Logical topology

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Logical topology is the arrangement of devices on a computer network and how they communicate with one another.[1] Logical topologies describe how signals act on the network.[2]

In contrast, a physical topology defines how nodes in a network are physically linked and includes aspects such as geographic location of nodes and physical distances between nodes. The logical topology defines how nodes in a network communicate across its physical topology. The logical topology can be considered isomorphic to the physical topology, as vice versa.

Early twisted pair Ethernet with a single hub is a logical bus topology with a physical star topology. While token ring is a logical ring topology with a physical star topology.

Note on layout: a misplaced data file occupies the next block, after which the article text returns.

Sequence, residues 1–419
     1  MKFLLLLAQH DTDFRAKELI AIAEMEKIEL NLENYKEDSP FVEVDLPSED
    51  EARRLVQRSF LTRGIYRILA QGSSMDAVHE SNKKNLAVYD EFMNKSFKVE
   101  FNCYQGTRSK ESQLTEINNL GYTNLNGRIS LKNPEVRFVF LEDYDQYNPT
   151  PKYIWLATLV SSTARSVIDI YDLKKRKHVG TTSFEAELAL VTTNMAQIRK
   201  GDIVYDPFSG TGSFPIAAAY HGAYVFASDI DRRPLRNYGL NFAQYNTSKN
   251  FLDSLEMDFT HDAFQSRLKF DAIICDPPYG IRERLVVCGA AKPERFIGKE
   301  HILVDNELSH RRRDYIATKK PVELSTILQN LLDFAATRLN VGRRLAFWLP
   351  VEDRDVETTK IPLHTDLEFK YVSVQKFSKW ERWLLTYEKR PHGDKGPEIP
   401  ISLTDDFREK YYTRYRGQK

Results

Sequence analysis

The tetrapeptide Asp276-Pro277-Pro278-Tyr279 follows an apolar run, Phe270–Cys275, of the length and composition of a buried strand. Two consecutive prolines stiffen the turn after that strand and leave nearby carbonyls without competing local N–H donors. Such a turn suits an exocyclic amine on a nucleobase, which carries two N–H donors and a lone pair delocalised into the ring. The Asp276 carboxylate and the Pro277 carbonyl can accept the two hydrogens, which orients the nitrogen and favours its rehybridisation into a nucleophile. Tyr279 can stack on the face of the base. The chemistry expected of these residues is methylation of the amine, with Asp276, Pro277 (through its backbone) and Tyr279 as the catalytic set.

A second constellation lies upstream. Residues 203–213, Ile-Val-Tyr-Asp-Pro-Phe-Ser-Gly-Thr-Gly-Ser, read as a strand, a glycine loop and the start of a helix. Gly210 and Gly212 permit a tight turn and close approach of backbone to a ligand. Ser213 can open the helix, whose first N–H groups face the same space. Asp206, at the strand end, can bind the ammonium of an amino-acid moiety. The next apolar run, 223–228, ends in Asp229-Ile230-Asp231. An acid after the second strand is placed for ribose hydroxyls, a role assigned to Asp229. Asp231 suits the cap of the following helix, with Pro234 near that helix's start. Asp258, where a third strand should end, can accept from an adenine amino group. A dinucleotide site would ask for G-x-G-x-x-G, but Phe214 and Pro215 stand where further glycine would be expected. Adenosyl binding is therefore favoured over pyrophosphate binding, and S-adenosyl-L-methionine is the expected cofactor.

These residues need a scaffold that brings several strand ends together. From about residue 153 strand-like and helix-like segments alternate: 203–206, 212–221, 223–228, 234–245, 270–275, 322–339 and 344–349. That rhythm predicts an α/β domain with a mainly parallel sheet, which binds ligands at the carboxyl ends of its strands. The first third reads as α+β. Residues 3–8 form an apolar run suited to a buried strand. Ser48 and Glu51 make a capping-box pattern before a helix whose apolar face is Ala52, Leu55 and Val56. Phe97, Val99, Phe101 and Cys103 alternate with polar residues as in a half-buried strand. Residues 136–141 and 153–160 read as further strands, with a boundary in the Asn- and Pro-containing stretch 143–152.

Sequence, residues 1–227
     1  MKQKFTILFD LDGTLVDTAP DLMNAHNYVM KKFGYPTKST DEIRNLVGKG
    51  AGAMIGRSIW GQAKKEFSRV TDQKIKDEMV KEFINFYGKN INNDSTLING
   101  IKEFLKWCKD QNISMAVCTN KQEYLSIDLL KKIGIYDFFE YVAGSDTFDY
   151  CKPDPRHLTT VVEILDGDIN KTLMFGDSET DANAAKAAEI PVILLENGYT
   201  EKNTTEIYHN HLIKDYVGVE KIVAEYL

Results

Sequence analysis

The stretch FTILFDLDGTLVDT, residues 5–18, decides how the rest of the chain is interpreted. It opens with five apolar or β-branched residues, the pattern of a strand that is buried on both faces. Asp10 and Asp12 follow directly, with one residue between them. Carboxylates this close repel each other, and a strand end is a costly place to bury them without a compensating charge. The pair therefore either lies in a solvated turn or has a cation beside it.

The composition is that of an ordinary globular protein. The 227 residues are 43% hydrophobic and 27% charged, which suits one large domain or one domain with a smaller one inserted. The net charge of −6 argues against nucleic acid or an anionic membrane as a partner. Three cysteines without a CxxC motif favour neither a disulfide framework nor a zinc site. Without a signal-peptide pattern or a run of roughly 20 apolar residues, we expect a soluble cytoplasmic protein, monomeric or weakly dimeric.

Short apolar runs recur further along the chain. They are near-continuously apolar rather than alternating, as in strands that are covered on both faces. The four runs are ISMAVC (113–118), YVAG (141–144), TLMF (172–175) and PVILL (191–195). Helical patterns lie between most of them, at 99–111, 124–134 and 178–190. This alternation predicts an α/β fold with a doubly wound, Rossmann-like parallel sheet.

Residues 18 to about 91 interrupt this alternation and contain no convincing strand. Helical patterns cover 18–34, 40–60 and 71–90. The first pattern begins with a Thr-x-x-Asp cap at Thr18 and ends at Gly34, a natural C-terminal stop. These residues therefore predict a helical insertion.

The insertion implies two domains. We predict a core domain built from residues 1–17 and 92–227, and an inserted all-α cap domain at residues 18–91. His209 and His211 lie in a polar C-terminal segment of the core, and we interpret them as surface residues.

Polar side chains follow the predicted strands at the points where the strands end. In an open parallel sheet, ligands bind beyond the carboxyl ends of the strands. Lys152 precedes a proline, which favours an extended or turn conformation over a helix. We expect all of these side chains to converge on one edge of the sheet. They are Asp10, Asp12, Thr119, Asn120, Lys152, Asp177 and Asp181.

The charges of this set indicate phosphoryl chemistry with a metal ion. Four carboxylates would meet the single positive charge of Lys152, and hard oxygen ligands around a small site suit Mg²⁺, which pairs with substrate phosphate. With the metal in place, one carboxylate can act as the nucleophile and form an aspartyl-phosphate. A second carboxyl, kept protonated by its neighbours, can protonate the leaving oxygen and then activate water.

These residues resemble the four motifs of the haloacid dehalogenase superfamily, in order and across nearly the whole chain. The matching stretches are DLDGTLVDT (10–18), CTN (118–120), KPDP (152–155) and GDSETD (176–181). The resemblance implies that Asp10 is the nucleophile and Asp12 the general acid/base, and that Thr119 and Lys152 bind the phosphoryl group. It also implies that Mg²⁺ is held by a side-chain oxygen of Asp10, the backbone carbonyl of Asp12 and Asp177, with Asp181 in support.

References[edit]

  1. ^ Leonardi, E.; Mellia, M.; Marsan, M. A. (2000). "Algorithms for the Logical Topology Design in WDM All-Optical Networks Or more precise, the way that the data passes through the network from one device to the next without regard to the physical interconnection of the devices" (PDF). Optical Networks Magazine: 35–46. line feed character in |title= at position 72 (help)
  2. ^ What Are Network Topologies?, retrieved 2016-09-17